Thursday, February 06, 2014

Genre Items: Titan and Her

Out of all the recent genre books, films, and series I've taken in, Attack On Titan was the one that just floored me.

Intense. Awful. Dark. Heroic. An amazing soundtrack. Gorgeous animation. It falls somewhere between steampunk and medieval techno fantasy, with well-written characters. Part Ender's Game with a focus on the technical details of three dimensional tactics, and young people coming of age against the backdrop of a desperate war, and part Neon Evangelion Genesis with creepy, giant cannibals who are the all the more terrifying for their mindlessness.

I almost bailed out of Titan when two episodes focused on long internal narrations that lead up to characters screaming out their feelings at the top of their lungs. Then making dramatic decisions that could have been arrived at with more punch (imo) in four or five minutes rather than fifteen or twenty. And there are times I've doubted that the show can come up with a strong enough payoff to make it worth the suffering endured by the primary characters.

And yet it's pulled me back in so hard that I'm watching the whole thing over again.

In part, I like the show because a section that features horse-mounted scouts. Nothing personal there. The author clearly gave some serious thought to what it would be like to maneuver a cavalry unit through territory occupied by murderous giant cannibals.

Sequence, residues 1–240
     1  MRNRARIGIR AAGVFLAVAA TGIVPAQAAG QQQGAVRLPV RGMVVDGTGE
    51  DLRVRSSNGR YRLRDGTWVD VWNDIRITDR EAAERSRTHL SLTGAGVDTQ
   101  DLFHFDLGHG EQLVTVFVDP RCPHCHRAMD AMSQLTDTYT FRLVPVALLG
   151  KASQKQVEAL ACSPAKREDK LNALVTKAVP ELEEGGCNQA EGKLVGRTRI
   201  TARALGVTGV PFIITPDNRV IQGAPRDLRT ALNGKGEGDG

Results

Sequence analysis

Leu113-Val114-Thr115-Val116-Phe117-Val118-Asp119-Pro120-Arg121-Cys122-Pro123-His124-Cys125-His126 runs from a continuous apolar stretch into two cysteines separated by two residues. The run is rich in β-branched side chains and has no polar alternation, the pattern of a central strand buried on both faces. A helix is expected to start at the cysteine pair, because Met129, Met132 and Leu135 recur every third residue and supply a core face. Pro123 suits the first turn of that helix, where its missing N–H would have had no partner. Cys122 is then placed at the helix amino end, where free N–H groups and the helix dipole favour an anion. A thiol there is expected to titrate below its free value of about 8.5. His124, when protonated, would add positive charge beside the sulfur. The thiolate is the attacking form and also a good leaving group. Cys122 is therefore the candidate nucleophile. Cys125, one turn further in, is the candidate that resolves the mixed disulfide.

Also, the show does a great job of depicting good, if flawed, men and women persevering through terrible situations, while other good men and women crumble under the same circumstances.

And seriously, someone needs to put the soundtrack up on iTunes or Amazon here in the US already. As a content creator who likes getting paid for his work, I don't pirate music. But damn if I'm not tempted when it comes to the awesomely metal Titan OSTs.

Meanwhile, on the opposite side of the genre spectrum is Her, by Spike Jonze (Eternal Sunshine of the Spotless Mind, Being John Malkovich.)

Sublime, where Titan is brutal, and very, very cerebral, it's a near future love story that manages to avoid all the traditional Hollywood cliches about artificial intelligences. It's also the first mainstream film to address a soft singularity. Additionally, the film takes a sideways look at a future in which technology has become almost seamless and does not draw attention to itself. Rather, computing and augmented reality focus users' attention outward toward the physical world and people in it. An almost inversion of our current tech, which demands we sit down and pay attention to it.

Why Her Will Dominate UI Design Even More Than Minority Report | Wired Design |

'via Blog this'

Kyle Vanhermert has an excellent piece up on Wired Magazine examining the wonderfully minimalist user interfaces in Her's setting, in which technology has become very polished at connecting people to one another.

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